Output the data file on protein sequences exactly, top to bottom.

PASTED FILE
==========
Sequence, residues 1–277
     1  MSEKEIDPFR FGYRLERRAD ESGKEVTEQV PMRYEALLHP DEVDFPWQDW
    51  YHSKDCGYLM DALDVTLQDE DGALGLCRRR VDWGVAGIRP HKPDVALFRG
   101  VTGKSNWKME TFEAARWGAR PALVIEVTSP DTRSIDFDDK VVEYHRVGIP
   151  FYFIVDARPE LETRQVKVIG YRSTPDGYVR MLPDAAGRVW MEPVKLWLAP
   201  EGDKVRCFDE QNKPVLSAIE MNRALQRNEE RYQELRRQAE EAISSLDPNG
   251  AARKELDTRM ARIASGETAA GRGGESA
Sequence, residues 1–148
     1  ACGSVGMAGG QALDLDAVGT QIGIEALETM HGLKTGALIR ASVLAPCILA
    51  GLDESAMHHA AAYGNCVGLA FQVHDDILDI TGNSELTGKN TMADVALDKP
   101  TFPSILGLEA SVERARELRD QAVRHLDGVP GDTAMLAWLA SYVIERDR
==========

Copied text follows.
Sequence, residues 1–277
     1  MSEKEIDPFR FGYRLERRAD ESGKEVTEQV PMRYEALLHP DEVDFPWQDW
    51  YHSKDCGYLM DALDVTLQDE DGALGLCRRR VDWGVAGIRP HKPDVALFRG
   101  VTGKSNWKME TFEAARWGAR PALVIEVTSP DTRSIDFDDK VVEYHRVGIP
   151  FYFIVDARPE LETRQVKVIG YRSTPDGYVR MLPDAAGRVW MEPVKLWLAP
   201  EGDKVRCFDE QNKPVLSAIE MNRALQRNEE RYQELRRQAE EAISSLDPNG
   251  AARKELDTRM ARIASGETAA GRGGESA
Sequence, residues 1–148
     1  ACGSVGMAGG QALDLDAVGT QIGIEALETM HGLKTGALIR ASVLAPCILA
    51  GLDESAMHHA AAYGNCVGLA FQVHDDILDI TGNSELTGKN TMADVALDKP
   101  TFPSILGLEA SVERARELRD QAVRHLDGVP GDTAMLAWLA SYVIERDR